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District enrollment expected to continue downward

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KPBSD
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The members of the Kenai Peninsula Borough Board of Education got a glimpse into the future Monday night. Assistant Superintendent Dave Jones presented projected enrollments through the year 2025.
    And though there are a few upticks projected, they are part of a decades-long decline in student population on the Kenai Peninsula.
    School Board President Penny Vadla asked Jones about the trend.
    “Do we go up in Fiscal Year 20, and then we take another jump up and then a jump up and then a jump down?,” Vadla asked.
    “Yes, that's that's what we're looking at,” Jones said.
    “And that's just prediction?”
    “Yeah, it's a prediction,” Jones said. “And some of that is is that if you if you look in recent years at our at our younger classes, we have more there.”
    The projection predicts a 1.74 percent loss of students next school year, just less than the current year’s loss of 1.77 percent. For the three school years after that, there are the modest increases Vadla asked about, but they won’t quite make up for next year’s loss. And then projecting five years out, another loss of 0.32 percent.
    Student enrollment would go from 8,725 this school year, to 8,685 in the 2024-25 school year.
    “I think it's important for people to look at the model that we use. And what we try and do to project a future is, is we look at the current students in our buildings, move all the students are currently there forward one year, and then we use a, to predict kindergarteners, we use a three year average,” Jones said of the trend calculation methodology. “We also try and consult with our principals in areas if they have little better knowledge of things. So we try and we do that. That's how we project FYI 21, then we continue to do that for each of the next four years to give us an idea of where we're looking at.”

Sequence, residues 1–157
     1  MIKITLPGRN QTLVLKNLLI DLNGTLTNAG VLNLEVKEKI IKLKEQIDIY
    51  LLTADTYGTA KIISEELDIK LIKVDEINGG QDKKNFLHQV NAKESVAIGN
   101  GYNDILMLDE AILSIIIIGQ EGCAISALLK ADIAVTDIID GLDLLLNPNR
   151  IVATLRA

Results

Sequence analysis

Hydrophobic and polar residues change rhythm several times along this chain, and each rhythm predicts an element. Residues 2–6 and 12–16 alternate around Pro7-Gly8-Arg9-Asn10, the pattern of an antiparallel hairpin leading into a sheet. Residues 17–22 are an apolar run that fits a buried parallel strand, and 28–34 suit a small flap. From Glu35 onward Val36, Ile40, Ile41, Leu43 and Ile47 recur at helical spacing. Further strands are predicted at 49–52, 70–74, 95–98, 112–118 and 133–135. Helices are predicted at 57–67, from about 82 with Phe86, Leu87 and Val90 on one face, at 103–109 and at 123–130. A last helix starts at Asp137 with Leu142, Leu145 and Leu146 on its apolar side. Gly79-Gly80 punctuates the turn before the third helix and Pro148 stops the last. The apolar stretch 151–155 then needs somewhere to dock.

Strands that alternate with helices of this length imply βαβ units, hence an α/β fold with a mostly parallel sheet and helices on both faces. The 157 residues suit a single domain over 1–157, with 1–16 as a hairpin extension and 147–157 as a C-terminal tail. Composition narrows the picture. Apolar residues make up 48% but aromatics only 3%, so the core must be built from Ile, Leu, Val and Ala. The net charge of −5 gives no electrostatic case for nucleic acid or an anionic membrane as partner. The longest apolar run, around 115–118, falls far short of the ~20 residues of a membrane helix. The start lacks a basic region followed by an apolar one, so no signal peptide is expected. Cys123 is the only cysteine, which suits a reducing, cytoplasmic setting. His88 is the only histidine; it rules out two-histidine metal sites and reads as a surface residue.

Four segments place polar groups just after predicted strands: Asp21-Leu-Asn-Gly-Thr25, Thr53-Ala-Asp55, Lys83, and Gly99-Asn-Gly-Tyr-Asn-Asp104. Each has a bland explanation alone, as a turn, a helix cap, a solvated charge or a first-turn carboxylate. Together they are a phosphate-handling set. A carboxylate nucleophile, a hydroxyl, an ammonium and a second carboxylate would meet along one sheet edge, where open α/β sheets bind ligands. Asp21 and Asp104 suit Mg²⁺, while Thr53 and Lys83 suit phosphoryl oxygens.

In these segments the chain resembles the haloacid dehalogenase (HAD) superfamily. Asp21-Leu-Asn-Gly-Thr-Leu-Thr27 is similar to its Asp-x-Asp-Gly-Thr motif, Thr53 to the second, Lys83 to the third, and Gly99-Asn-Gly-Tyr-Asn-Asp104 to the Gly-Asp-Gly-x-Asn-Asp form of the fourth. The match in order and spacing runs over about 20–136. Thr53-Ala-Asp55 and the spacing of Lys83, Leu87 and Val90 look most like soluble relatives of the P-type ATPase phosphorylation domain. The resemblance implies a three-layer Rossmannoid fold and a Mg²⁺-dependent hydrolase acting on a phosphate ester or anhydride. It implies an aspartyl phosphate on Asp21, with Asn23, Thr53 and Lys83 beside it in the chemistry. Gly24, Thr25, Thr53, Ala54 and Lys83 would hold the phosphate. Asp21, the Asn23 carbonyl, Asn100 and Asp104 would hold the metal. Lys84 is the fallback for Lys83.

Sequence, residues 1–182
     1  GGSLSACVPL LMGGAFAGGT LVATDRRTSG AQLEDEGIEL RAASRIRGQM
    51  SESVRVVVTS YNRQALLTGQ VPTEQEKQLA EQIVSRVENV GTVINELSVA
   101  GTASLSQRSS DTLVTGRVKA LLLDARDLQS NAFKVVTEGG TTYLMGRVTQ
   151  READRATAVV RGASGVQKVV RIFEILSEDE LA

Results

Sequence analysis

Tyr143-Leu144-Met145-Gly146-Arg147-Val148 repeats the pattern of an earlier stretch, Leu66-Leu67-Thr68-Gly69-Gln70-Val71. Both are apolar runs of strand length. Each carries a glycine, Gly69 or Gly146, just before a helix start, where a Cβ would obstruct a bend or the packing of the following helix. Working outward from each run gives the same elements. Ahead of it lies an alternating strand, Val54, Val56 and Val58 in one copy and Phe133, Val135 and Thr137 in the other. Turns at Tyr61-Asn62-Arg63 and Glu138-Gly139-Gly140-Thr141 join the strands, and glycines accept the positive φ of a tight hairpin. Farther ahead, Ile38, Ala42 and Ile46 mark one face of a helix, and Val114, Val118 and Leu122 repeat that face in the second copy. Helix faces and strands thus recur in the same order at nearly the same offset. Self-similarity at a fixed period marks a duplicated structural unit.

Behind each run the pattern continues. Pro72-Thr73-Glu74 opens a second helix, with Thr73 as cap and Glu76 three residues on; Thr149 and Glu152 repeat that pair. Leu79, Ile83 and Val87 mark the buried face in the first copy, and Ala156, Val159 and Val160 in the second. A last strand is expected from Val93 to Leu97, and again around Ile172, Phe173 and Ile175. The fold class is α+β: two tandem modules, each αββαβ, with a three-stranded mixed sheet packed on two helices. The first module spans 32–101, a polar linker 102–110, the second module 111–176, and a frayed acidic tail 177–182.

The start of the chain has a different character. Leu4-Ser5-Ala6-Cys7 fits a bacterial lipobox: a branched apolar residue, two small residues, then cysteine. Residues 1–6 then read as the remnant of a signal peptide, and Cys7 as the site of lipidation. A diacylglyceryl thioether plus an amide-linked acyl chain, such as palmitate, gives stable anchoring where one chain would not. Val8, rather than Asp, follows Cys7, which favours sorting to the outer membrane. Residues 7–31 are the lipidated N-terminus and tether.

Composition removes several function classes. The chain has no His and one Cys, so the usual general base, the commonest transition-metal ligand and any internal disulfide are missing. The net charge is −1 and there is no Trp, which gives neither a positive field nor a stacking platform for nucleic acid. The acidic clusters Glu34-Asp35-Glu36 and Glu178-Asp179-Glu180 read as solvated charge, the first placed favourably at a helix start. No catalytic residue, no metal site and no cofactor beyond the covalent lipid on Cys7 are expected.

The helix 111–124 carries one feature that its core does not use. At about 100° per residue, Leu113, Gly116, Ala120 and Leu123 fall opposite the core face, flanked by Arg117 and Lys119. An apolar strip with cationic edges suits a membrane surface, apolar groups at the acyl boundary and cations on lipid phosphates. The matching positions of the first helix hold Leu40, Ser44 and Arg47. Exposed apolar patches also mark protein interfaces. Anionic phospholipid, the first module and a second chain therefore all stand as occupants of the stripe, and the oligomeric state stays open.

Jones did acknowledge it wasn’t a perfect system, as some students will seek extra credit online.
    “I think if you look at at the Connections School, that methodology doesn't necessarily work for Connections because Connections. population of seniors, juniors and seniors, grows as people in high school want to take more advantage of that to get their credits,” he said.
    The biggest change would come to Soldotna High School, which is currently under capacity with 685 students. But by the 2024-25 school year, a projected 887 students will be enrolled there, putting it at 11 percent over capacity. K-Beach Elementary will still be over capacity in five years if the projection holds true, even though its enrollment is expected to shrink. The same is expected for Razdolna and Nanwalek schools.
    In 1998 district enrollment was 10,384, which at the time represented 21.5 percent of all Kenai Peninsula Borough residents — more than one in five. In 2018, student enrollment had shrunk to 8,895, while the borough’s population has increased, with students now only representing one-in-six residents.
    Over all, the student population has shrunk 14.34 percent in the past 20 years, and is a trend projected to continue.